Most people would agree that dehorning cattle not only protects animals from each other, but it also protects employees who work with them. While dehorning, the process of removing horn buds from a calf, has been a long-practiced safety procedure, mounting evidence suggests there are better ways to carry out the practice.

The American Veterinary Medical Association (AVMA) just released a three-minute video highlighting the most up-to-date methods to dehorn cattle which include providing pain relief. "If the horn is removed when it is still a small bud, the procedure is less evasive and effective pain relief is easier to provide," says Cia Johnson, D.V.M., of the AVMA Animal Welfare Division. "This is why the AVMA policy states dehorning should be done at the earliest age practicable by the method of disbudding or removing the horn bud before it has attached to the skull," she says.

The video goes on to demonstrate the best way to dehorn calves. "AVMA policy encourages the use of local anesthetics like Lidocaine during dehorning. Research has shown that injections of Lidocaine substantially reduce the pain experienced by animals, particularly calves that are older," notes Johnson. "Lidocaine is relatively inexpensive and easy to use. Therefore, it can be successfully implemented at an operation without significantly impacting costs. Consideration should also be given to using nonsteroidal anti-inflammatory agents to control long-lasting postoperative pain," said the veterinarian.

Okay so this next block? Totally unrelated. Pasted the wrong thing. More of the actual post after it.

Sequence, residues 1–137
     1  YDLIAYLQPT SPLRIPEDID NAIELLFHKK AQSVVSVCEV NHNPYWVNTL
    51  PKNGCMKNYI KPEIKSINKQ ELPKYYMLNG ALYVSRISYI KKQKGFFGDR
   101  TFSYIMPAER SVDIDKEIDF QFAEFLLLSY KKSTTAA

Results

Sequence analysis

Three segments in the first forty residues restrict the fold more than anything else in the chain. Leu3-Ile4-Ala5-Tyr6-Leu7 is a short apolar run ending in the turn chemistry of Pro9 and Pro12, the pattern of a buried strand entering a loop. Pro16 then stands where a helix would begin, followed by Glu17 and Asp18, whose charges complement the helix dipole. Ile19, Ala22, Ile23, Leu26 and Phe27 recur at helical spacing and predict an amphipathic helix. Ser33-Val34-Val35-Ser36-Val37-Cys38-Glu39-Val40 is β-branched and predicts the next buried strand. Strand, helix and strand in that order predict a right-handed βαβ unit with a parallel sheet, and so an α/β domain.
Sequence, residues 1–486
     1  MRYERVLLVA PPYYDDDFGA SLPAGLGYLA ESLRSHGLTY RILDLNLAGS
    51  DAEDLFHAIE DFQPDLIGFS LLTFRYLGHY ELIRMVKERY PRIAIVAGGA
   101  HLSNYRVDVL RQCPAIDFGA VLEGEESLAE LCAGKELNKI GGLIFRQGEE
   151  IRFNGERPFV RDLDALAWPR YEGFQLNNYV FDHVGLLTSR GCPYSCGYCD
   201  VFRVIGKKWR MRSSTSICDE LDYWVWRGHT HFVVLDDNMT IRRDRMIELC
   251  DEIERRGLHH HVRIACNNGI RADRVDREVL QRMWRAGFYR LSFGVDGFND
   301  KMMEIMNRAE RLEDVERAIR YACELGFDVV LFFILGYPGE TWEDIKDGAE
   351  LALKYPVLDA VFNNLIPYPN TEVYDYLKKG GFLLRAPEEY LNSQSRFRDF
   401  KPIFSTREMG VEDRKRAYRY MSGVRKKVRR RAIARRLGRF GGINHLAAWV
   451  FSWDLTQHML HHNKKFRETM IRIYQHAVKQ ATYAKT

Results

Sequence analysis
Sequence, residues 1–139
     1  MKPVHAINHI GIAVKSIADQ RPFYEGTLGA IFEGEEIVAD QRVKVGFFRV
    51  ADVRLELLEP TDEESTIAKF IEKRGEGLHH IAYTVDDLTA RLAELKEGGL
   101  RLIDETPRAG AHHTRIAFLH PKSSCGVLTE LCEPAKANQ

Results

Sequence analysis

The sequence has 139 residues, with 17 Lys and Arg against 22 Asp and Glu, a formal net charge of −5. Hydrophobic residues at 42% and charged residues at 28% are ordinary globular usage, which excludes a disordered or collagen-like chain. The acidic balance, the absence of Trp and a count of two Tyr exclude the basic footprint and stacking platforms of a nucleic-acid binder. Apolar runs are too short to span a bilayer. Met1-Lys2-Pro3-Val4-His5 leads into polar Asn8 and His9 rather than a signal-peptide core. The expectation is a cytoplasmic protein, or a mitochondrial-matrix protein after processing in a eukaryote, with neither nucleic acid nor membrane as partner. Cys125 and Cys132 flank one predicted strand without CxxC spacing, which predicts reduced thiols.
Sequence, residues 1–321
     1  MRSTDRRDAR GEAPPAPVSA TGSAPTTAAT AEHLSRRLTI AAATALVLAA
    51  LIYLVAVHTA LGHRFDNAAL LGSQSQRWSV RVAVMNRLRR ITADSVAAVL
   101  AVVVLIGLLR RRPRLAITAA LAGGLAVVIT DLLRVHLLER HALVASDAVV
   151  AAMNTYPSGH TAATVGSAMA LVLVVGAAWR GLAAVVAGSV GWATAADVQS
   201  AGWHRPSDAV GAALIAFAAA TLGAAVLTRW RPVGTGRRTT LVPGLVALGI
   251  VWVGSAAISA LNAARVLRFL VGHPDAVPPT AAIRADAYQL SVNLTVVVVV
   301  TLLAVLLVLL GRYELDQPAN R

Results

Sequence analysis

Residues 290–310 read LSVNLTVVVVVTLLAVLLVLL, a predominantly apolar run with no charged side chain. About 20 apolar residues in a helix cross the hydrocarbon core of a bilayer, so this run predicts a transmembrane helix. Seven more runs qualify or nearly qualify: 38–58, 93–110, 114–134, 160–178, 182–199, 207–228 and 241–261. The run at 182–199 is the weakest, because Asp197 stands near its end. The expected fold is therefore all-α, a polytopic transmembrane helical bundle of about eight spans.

Recent Hoard's Dairyman research suggests that the nation's dairy producers are picking up on the practice. Last year, 18.9 percent of Hoard's readers reported using a sedative or numbing agent while dehorning calves. Yet, there is room for improvement as only half of all readers report dehorning calves in the first 2 months of life.

To see the video, click below.